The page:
Saturday, November 3, 2012

Mrs. John Merrill of Kentucky, A True American Amazon

A True American Amazon

Women of the American Frontier often lived lonely and isolated lives.... For many of them just getting up in the morning and facing the day's backbreaking chores required more courage than many modern woman ever dream of in the ordinary course of events. In my horror novel Shadows in a Timeless Myth, I explore a variety of different women from different backgrounds and the courage they show in paranormal, or otherwise extraordinary events.

Here is the story of a American frontierswoman Mrs. John Merrill, who faced real-life, extraordinary circumstances with fierce courage. Note that history does not even tell us her given name, but only that of her husband, and that the Indian warrior gave her the honorific title of Long Knife Squaw.

During the summer of 1787, writes Mr. McClung, in his Sketches of Western Adventure, "The house of Mr. John Merrill, of Nelson county, Kentucky, was attacked by the Indians, and defended with singular address and good fortune. Merrill was alarmed by the barking of a dog about midnight, and upon opening the door in order to ascertain the cause of the disturbance, he received the fire of six or seven Indians, by which one arm and one thigh were broken. He instantly sank upon the floor, and called upon his wife to close the door. This had scarcely been done when it was violently assailed by the tomahawks of the enemy, and a large breach soon effected. Mrs. Merrill, however, being a perfect amazon, both in strength and courage, guarded it with an axe, and successively killed or badly wounded four of the enemy as they attempted to force their way into the cabin.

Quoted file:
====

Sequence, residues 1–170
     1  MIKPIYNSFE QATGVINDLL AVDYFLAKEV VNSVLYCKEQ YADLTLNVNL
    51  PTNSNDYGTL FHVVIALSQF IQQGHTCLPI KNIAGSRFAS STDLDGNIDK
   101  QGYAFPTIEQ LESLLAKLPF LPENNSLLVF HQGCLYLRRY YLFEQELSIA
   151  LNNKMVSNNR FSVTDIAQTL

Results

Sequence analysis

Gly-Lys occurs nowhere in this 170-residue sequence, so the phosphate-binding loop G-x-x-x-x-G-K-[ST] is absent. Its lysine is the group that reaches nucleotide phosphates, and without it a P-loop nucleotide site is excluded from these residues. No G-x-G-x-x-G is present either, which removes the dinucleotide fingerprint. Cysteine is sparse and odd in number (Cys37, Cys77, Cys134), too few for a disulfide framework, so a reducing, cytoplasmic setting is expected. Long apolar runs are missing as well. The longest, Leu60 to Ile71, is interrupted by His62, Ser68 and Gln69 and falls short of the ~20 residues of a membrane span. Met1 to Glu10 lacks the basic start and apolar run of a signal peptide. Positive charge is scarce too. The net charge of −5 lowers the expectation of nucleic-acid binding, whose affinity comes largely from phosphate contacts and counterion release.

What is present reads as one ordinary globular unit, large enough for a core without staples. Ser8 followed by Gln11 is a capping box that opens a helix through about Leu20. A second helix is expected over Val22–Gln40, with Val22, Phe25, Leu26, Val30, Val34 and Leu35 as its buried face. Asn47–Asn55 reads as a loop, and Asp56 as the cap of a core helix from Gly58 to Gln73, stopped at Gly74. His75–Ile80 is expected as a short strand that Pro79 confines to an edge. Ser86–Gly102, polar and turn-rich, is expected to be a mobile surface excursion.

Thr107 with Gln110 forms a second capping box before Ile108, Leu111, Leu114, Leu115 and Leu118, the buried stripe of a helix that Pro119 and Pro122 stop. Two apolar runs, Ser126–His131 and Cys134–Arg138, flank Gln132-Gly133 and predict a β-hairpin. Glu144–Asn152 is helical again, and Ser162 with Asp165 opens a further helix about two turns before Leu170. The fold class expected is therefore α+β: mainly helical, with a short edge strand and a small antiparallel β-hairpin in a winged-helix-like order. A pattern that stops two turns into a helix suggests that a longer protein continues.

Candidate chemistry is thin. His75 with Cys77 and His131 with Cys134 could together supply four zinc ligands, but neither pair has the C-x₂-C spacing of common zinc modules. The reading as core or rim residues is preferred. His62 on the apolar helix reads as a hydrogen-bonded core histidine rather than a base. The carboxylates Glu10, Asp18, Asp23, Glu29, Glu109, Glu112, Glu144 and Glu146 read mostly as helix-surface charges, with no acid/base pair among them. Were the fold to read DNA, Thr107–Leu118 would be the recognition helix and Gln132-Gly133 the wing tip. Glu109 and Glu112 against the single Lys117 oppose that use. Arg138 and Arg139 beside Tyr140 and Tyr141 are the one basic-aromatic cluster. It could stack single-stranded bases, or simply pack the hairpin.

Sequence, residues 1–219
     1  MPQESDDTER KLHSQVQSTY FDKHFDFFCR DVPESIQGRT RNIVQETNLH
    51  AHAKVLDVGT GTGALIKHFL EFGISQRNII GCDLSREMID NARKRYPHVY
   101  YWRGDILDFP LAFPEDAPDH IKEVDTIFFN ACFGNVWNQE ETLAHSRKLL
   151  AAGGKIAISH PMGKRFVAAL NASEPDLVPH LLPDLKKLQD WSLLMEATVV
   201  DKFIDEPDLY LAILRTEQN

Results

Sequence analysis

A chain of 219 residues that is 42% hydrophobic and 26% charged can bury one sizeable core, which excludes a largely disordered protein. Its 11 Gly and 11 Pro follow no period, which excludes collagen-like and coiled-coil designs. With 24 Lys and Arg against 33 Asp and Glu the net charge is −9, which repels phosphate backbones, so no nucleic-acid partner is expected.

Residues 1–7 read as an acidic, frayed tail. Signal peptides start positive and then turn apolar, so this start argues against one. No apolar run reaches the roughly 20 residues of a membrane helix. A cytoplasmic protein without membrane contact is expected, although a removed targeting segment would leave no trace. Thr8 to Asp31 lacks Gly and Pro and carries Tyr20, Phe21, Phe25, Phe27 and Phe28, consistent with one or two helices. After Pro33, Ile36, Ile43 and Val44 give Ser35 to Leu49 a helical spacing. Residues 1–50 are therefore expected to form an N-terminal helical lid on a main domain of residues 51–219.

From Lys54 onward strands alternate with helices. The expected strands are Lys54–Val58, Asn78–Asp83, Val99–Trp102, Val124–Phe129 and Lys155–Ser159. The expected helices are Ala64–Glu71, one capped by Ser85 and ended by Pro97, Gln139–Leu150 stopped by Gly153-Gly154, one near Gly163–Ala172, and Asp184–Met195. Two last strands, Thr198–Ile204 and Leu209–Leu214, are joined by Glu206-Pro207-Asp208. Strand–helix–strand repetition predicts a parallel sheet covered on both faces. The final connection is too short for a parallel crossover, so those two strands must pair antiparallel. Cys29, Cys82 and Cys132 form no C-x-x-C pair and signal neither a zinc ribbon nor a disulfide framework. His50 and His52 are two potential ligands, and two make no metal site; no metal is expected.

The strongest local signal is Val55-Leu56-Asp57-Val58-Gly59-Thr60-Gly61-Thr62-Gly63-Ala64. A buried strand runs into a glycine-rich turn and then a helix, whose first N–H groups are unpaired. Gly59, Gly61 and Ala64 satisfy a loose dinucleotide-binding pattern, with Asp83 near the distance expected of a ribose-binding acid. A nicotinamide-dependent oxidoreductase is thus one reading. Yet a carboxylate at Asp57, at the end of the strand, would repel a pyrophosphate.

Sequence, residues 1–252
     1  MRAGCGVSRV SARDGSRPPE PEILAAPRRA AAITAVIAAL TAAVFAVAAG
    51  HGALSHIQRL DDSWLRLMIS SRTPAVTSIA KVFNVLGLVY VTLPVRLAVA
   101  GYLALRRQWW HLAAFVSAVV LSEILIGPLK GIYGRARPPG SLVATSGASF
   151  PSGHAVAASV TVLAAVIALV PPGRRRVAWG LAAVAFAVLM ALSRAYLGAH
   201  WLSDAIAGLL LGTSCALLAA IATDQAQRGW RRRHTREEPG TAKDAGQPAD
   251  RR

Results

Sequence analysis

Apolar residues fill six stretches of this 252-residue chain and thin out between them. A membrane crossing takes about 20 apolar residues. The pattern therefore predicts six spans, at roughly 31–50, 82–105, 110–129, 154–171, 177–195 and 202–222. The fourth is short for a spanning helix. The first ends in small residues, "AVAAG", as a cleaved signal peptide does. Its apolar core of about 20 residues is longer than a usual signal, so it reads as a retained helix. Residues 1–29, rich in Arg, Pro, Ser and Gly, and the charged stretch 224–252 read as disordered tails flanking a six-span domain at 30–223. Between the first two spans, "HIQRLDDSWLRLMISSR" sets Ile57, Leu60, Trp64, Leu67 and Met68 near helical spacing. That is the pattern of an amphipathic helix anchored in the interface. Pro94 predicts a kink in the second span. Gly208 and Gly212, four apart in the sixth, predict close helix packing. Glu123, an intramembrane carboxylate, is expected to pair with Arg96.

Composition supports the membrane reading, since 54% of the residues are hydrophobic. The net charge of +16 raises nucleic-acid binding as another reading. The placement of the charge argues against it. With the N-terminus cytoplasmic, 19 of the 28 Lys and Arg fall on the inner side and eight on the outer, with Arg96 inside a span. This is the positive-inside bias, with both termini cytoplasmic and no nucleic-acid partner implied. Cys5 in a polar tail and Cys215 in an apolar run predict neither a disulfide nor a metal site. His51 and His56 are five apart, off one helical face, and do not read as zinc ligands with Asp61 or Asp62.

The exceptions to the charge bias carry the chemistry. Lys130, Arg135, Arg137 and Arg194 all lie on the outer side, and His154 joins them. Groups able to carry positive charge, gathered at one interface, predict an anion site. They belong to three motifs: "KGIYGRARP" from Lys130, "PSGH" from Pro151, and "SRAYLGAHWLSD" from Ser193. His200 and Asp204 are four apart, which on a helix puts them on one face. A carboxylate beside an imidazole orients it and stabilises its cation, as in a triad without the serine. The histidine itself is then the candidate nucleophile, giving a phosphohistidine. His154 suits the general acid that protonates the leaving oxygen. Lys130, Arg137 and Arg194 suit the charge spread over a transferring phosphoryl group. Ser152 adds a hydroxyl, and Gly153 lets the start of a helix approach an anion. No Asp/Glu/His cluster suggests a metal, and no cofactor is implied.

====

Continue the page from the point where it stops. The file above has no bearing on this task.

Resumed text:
"The Indians ascended the roof, and attempted to enter by way of the chimney; but here again they were met by the same determined enemy. Mrs. Merrill seized the only feather bed which the cabin afforded, and hastily ripping it open, poured its contents upon the fire. A furious blaze and stifling smoke instantly ascended the chimney, and brought down two of the enemy, who lay for a few moments at the mercy of the lady. Seizing the axe, she quickly dispatched them, and was instantly afterwards summoned to the door, where the only remaining savage now appeared, endeavoring to effect an entrance, while Mrs. Merrill was engaged at the chimney.

The sole surviving warrior, soon received a gash in the cheek, which compelled him, with a loud yell, to relinquish his purpose, and return hastily to Chillicothe, where, from the report of a prisoner, he gave an exaggerated account of the fierceness, strength, and courage of the 'long knife squaw!'"

 Compiled From Sources In The Public Domain.

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Smiles & Good Fortune,
It is not wealth one asks for, but just enough to preserve one’s dignity, to work unhampered, to be generous, frank and independent. W. Somerset Maugham (1874-1965) Of Human Bondage, 1915

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